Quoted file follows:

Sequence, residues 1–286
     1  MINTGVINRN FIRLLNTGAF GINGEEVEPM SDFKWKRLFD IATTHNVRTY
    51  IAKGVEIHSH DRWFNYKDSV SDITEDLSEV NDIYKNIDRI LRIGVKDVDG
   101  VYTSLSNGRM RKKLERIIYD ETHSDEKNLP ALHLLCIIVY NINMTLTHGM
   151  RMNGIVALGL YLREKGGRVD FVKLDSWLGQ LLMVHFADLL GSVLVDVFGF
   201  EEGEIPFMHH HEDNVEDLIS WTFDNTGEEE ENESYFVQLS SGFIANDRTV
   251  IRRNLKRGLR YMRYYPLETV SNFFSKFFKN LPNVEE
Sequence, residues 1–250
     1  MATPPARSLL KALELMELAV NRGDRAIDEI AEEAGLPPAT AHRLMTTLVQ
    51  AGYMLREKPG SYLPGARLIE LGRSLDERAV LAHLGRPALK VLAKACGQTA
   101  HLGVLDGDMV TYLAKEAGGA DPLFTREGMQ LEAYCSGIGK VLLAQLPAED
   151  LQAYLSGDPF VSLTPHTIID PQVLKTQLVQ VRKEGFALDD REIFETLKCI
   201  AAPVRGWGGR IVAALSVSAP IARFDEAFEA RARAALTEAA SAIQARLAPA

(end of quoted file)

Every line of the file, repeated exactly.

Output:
Sequence, residues 1–286
     1  MINTGVINRN FIRLLNTGAF GINGEEVEPM SDFKWKRLFD IATTHNVRTY
    51  IAKGVEIHSH DRWFNYKDSV SDITEDLSEV NDIYKNIDRI LRIGVKDVDG
   101  VYTSLSNGRM RKKLERIIYD ETHSDEKNLP ALHLLCIIVY NINMTLTHGM
   151  RMNGIVALGL YLREKGGRVD FVKLDSWLGQ LLMVHFADLL GSVLVDVFGF
   201  EEGEIPFMHH HEDNVEDLIS WTFDNTGEEE ENESYFVQLS SGFIANDRTV
   251  IRRNLKRGLR YMRYYPLETV SNFFSKFFKN LPNVEE
Sequence, residues 1–250
     1  MATPPARSLL KALELMELAV NRGDRAIDEI AEEAGLPPAT AHRLMTTLVQ
    51  AGYMLREKPG SYLPGARLIE LGRSLDERAV LAHLGRPALK VLAKACGQTA
   101  HLGVLDGDMV TYLAKEAGGA DPLFTREGMQ LEAYCSGIGK VLLAQLPAED
   151  LQAYLSGDPF VSLTPHTIID PQVLKTQLVQ VRKEGFALDD REIFETLKCI
   201  AAPVRGWGGR IVAALSVSAP IARFDEAFEA RARAALTEAA SAIQARLAPA